Wednesday, June 21, 2006

Wal-Mart 1, Working Families 0 after the first inning

Our work on the Fair Share for Health Care Act is forcing an honest discussion about health care in New York and lays the groundwork to push for comprehensive health care reform as this discussion moves forward under a new administration.

But it's now apparent that the state legislature will adjourn this year without taking action on the bill. It's a temporary victory for businesses like Wal-Mart that don't provide decent, affordable health benefits. And it's a setback for responsible employers that do the right thing but struggle to compete, for taxpayers who are forced to continue to subsidize Wal-Mart's low-road business model, and for nearly 500,000 working families here in New York who will continue to rely on emergency rooms for their health care.
"The folks at the Working Families Party should pat themselves on the back for putting the plight of the uninsured on the agenda."
- Daily News Editorial, 6/19/06

We've done a lot to push Fair Share Health Care forward, and we got farther than any of the pundits predicted. We've elevated the issue of employer responsibility for the uninsured. And the fight is not over. Now the stage is set for action in future years.

Rome wasn't built in a day. It took us six years to win the fight to increase the state's minimum wage. And a new Governor with a commitment to comprehensive health care reform will take office on January 1, with a mandate for progressive change from the WFP.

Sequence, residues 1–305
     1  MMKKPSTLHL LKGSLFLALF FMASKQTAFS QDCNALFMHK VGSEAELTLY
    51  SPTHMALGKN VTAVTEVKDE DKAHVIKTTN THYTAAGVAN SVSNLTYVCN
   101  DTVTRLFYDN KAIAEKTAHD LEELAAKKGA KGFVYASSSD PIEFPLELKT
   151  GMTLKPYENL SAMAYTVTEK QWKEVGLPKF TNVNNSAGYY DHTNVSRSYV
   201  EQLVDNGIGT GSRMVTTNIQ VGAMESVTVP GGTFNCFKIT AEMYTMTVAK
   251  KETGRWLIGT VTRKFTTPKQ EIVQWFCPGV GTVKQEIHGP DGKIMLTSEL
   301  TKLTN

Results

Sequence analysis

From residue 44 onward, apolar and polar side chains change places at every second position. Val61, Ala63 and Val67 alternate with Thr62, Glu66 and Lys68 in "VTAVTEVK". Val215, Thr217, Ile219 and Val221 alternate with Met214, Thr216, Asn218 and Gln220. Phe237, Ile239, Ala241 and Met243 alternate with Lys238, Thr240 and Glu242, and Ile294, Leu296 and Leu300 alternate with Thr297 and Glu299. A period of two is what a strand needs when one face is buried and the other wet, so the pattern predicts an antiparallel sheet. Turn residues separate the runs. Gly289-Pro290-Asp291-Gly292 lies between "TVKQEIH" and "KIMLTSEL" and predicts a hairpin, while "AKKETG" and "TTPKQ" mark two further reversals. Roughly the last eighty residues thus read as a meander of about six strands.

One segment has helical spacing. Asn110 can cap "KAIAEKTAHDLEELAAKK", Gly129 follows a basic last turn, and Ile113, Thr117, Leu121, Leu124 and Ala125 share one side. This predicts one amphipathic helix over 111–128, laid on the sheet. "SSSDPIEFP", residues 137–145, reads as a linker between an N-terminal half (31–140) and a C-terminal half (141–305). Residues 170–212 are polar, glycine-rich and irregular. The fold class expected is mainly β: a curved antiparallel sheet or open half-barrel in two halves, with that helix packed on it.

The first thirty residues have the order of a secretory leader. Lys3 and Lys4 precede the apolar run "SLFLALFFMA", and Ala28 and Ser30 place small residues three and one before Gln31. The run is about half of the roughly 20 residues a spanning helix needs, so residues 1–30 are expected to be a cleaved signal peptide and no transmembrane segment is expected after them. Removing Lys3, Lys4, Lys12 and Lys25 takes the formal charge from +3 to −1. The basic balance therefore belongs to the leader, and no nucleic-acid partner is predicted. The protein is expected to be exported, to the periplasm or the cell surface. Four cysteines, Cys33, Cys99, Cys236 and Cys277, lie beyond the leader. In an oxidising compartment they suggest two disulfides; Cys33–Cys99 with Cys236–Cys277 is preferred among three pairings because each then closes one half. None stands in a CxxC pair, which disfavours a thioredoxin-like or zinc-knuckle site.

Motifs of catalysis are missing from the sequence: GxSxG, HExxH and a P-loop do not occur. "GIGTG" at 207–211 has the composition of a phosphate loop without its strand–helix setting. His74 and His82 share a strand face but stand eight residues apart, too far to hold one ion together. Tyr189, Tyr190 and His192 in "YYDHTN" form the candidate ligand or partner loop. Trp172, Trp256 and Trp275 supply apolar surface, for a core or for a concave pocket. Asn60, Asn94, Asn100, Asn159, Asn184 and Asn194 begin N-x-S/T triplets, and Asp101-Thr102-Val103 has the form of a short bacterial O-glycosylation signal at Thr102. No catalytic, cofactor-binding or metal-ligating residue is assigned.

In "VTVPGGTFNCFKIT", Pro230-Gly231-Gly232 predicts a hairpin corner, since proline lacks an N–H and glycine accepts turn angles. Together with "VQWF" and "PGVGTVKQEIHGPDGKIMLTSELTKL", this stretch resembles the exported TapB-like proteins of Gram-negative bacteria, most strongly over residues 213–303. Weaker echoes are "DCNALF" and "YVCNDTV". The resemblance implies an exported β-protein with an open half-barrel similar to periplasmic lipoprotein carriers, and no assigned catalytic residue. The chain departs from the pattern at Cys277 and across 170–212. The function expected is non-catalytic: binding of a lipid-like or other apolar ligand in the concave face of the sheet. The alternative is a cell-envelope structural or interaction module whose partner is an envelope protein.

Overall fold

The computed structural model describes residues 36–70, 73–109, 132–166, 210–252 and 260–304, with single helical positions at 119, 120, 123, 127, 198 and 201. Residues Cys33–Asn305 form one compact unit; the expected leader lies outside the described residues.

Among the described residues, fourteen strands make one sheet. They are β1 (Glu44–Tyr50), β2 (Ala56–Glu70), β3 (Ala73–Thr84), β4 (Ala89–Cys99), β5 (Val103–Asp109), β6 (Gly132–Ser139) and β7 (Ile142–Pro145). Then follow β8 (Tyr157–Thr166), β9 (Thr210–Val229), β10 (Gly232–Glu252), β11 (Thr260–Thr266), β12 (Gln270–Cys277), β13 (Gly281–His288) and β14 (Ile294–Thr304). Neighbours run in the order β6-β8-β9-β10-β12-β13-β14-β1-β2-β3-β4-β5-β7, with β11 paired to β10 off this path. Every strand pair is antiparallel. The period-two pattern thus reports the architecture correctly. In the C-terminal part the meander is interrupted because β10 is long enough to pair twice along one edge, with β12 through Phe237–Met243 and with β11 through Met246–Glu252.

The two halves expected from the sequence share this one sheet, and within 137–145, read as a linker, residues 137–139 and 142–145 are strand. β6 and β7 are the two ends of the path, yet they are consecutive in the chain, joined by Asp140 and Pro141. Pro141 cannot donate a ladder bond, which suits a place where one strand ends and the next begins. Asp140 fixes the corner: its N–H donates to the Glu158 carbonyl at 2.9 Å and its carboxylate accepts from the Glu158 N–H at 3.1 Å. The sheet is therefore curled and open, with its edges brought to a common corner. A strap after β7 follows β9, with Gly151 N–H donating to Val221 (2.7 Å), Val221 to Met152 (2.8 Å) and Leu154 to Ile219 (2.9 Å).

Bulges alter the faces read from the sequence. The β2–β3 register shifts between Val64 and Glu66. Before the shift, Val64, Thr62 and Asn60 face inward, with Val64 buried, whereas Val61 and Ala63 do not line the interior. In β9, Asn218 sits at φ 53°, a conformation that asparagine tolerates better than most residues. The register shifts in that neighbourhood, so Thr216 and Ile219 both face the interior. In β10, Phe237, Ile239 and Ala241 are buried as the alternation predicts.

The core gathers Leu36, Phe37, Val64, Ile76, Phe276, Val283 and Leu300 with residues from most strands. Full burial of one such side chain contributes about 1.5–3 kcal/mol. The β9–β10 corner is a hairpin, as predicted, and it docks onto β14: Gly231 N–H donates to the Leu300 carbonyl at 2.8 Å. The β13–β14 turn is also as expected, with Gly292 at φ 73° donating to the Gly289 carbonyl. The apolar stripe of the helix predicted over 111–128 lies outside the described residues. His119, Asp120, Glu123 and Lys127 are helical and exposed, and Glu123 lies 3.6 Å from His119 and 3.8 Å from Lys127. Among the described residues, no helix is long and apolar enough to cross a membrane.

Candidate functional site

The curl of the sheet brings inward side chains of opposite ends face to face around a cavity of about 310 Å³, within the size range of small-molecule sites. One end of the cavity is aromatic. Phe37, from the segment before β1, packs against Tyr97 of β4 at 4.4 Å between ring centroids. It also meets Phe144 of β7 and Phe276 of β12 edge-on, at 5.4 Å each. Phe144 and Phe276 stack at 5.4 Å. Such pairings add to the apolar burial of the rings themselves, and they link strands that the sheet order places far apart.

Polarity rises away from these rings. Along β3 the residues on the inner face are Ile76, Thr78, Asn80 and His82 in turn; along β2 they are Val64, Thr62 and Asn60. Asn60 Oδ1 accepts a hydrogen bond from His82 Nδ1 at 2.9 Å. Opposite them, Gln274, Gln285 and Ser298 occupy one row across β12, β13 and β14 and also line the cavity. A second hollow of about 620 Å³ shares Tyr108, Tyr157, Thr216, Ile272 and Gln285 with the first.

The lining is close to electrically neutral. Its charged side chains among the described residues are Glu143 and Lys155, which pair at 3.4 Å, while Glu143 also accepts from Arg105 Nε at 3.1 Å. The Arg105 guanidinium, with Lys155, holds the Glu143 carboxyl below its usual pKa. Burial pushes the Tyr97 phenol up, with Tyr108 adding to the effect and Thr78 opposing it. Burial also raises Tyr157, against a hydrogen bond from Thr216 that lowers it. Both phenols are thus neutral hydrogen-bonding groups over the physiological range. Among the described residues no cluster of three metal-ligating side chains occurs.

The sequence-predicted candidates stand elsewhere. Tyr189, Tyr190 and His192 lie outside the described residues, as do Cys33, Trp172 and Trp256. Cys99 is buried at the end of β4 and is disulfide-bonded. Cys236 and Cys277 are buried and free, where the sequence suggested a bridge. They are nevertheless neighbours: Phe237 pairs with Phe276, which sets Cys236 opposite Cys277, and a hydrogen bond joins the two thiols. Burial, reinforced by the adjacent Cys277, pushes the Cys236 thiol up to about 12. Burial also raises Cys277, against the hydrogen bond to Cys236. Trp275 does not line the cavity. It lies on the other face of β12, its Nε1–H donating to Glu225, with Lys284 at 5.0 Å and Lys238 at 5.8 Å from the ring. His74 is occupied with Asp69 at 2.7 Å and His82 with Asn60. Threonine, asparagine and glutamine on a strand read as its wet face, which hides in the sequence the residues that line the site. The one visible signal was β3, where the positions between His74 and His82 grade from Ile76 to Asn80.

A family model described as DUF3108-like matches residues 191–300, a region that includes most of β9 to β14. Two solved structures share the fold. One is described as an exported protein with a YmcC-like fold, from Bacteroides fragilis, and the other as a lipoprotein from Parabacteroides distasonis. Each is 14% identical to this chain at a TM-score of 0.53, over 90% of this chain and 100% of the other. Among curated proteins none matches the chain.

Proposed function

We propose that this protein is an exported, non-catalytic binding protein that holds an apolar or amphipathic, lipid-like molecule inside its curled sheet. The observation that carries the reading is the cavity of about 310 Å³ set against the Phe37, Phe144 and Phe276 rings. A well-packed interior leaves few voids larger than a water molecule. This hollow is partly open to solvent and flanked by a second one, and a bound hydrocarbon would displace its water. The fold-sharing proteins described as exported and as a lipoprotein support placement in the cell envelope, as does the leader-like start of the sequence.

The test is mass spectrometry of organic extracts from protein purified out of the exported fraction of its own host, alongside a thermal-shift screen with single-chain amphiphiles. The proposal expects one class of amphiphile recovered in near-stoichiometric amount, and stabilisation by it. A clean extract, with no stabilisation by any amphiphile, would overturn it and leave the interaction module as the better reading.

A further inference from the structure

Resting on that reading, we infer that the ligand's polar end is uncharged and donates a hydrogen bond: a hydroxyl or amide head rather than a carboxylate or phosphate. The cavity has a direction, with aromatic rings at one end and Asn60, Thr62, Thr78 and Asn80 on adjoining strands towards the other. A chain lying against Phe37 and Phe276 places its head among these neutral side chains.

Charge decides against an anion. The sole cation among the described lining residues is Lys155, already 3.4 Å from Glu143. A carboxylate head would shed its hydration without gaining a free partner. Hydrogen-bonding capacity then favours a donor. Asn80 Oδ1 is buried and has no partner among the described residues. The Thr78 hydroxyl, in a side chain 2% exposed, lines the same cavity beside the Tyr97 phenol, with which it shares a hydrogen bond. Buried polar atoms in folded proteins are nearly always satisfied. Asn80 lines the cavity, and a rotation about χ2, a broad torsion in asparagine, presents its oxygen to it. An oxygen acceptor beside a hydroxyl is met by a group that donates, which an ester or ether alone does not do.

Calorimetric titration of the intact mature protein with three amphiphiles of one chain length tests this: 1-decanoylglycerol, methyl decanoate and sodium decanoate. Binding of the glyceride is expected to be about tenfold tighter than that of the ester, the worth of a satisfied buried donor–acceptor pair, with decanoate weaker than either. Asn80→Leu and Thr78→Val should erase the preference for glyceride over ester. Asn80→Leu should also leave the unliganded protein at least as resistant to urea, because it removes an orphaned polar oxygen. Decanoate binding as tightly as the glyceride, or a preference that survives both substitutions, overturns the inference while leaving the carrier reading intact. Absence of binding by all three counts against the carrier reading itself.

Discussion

"[A] single piece of legislation, the Fair Share for Health Care bill, could shake the state out of denial and force an honest discussion about health care . . . . [The Working Families Party] makes the credible case that state taxpayers are paying for the health insurance that should be provided by employers . . . It would be good to use the legislation as a tool for all of the state's "stakeholders" to come together and try to figure out how to insure all New Yorkers."
- Syracuse Post-Standard Editorial, 6/20/06


Daniel Millstone said...

Sorry to hear about this defeat.

If Fair Share could not pass the Senate, perhaps you should consider a universal, single-payer, non-employer based program. The one thing that was valuable about about Fair Share was your assessment that it was winnable. As a health insurance program in and of itself it was okay, but not great. If we're gonna lose, perhaps it should be in a cause we'd be happier to win.

Sorry to ask this are question, but, in your view, did Spitzer's opposition to Fair Share undermine our effort?

Anonymous said...

I agree.